Many computations exhibit an inherent trade off between accuracy, performance, and power consumption - if the client is willing to accept a slightly less accurate result, it is often possible to adapt the computation to deliver that result while consuming substantially less power or compute time. But most implementations of these computations operate at only one point in this underlying tradeoff space. In many cases the implementer of the computation is not even aware that this tradeoff space exists and that the computation has the ability to operate successfully at a variety of points in this space. The field of approximate computing investigates techniques for discovering and exploiting these tradeoffs.
My research group developed many of the foundational techniques and systems in this area, including rich program transformations for generating efficient and accurate approximate program execution, techniques for reasoning about the performance and accuracy of approximate computations, and approximate programming languages that enable developers to specify and verify approximate computations. My group also pioneered foundational techniques in approximate parallel computing.
Approximate computing is often enabled by rich program transformations (program transformations that may change the semantics of the program). Rich transformations induce a search space of programs surrounding the original program. An automated search of this space can find programs with desirable accuracy, performance, and power consumption characteristics.
My research group pioneered the first rich transformations, including loop perforation, which increases performance by skipping loop iterations, task skipping, which increases performance and robustness by skipping tasks, dynamic knobs , which enable programs to dynamically switch between different performance and accuracy settings, implementation selection and reduction sampling, which enable programs to execute at a range of points in the accuracy versus performance space, and synchronzation elimination, which identifies acceptable race conditions in parallel programs, then removes synchronization designed to prevent those race conditions.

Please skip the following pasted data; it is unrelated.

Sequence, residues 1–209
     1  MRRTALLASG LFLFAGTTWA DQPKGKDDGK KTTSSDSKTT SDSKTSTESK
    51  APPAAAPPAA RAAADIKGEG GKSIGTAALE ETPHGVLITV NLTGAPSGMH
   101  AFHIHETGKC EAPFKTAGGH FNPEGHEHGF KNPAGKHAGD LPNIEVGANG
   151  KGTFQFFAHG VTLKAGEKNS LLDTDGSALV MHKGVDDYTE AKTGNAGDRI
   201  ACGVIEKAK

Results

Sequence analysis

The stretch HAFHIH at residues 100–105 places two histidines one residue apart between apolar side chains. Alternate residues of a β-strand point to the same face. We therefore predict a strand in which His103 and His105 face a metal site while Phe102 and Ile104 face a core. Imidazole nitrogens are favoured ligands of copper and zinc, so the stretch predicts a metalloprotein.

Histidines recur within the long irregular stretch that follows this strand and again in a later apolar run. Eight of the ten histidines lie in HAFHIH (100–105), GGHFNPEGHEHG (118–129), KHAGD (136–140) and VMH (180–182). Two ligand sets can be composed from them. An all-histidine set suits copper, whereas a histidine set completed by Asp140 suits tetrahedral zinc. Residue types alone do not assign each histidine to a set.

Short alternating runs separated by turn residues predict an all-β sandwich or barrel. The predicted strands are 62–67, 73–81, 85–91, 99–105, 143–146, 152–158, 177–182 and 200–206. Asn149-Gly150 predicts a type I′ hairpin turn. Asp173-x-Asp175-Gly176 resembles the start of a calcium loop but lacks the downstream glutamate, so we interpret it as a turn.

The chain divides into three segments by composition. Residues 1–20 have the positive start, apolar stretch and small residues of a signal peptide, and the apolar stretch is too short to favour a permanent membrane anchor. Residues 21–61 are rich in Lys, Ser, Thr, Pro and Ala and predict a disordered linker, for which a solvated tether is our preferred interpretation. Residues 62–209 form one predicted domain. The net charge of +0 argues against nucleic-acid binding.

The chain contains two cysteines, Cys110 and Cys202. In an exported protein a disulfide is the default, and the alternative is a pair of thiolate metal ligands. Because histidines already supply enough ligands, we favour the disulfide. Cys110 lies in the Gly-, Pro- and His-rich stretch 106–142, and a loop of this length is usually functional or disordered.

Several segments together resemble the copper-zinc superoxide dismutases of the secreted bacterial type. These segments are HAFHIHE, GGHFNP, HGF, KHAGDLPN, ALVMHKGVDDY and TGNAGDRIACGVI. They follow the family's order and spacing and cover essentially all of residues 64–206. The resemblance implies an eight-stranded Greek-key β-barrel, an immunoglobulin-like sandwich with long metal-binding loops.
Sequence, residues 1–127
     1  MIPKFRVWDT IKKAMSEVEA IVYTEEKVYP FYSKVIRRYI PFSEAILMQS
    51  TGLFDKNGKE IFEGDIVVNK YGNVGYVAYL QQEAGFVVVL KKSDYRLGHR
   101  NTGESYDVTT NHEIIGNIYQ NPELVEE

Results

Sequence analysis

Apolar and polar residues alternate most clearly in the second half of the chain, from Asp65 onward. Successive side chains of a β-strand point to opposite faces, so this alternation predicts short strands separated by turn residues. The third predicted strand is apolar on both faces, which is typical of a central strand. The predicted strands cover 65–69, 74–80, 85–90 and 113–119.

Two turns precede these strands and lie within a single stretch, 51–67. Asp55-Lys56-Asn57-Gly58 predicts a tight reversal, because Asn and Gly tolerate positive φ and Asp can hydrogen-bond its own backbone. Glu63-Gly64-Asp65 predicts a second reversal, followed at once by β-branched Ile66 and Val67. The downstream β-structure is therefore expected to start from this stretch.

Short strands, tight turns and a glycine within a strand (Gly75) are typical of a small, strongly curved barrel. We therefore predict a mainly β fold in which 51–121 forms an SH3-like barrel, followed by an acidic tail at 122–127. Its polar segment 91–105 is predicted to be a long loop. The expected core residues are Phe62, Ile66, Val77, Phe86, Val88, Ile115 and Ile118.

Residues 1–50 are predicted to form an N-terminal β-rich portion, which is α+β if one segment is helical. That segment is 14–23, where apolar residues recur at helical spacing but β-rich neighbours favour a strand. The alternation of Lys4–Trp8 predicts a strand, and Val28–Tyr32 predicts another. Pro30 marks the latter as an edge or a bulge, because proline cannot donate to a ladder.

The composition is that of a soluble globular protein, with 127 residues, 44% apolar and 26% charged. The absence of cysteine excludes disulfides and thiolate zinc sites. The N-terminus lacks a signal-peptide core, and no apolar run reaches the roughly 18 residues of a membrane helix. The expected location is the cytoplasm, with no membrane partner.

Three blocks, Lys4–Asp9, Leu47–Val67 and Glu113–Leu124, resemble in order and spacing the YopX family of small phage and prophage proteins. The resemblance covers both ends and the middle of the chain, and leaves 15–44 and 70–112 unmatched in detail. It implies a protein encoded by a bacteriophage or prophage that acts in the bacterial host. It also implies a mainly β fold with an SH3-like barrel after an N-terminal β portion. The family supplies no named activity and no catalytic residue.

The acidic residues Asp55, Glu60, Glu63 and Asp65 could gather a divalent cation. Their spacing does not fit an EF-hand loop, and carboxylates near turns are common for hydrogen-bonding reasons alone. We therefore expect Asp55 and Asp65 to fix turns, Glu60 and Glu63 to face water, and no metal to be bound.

Loop Perforation: Loop perforation increases performance by automatically transforming loops to skip some of the iterations that they would otherwise perform. Our MIT 2009 Technical Report shows how to use loop perforation to automatically augment computations with the ability to operate successfully at a variety of points in their underlying performance, accuracy, and power consumption trade-off space. It also shows how to use loop perforation to enable computations to dynamically adapt to fluctuations in the amount of delivered computational resources. Such fluctuations can be caused, for example, by dynamic voltage/frequency scaling, the loss of processors, or varying load.
Our ESEC/FSE 2011 paper shows how to use loop perforation to automatically discover and exploit performance vs. accuracy tradeoffs that are inherently present (but, in the absence of loop perforation, hidden) in many applications.
Managing Performance vs. Accuracy Trade-offs With Loop Perforation
Stelios Sidiroglou, Sasa Misailovic, Henry Hoffmann, and Martin Rinard
19th ACM SIGSOFT Symposium on the Foundations of Software Engineering (FSE-19) and ESEC'11: 13th European Software Engineering Conference (ESEC-13)
Szeged Hungary, September 2011
Our ICSE 2010 paper shows how to use loop perforation as a profiling technique that helps developers find computations that are amenable to optimizations that trade accuracy in return for increased performance or reduced power consumption.
Quality of Service Profiling
Sasa Misailovic, Stelios Sidiroglou, Henry Hoffmann, and Martin C. Rinard
Proceedings of the ACM/IEEE 32nd International Conference on Software Engineering (ICSE 2010)
Cape Town, South Africa, May 2010
Task Skipping: My ICS 2006 paper presents task skipping, a precursor to loop perforation. Instead of skipping loop iterations, this paper presents a technique that skips tasks in parallel computations. In practice, many of these tasks are simply blocks of iterations of parallel loops.
The paper shows that task skipping can produce a range of computations with different performance and accuracy characteristics. The paper also shows how to automatically derive statistical performance and accuracy models that characterize the effect of task skipping as applied to a specific program. It is then possible to use these models to purposefully discard tasks to improve performance or reduce power consumption while preserving acceptably accurate computation.
Probabilistic Accuracy Bounds for Fault-Tolerant Computations That Discard Tasks
Martin C. Rinard
20th ACM International Conference on Supercomputing
Cairns, Australia, June 2006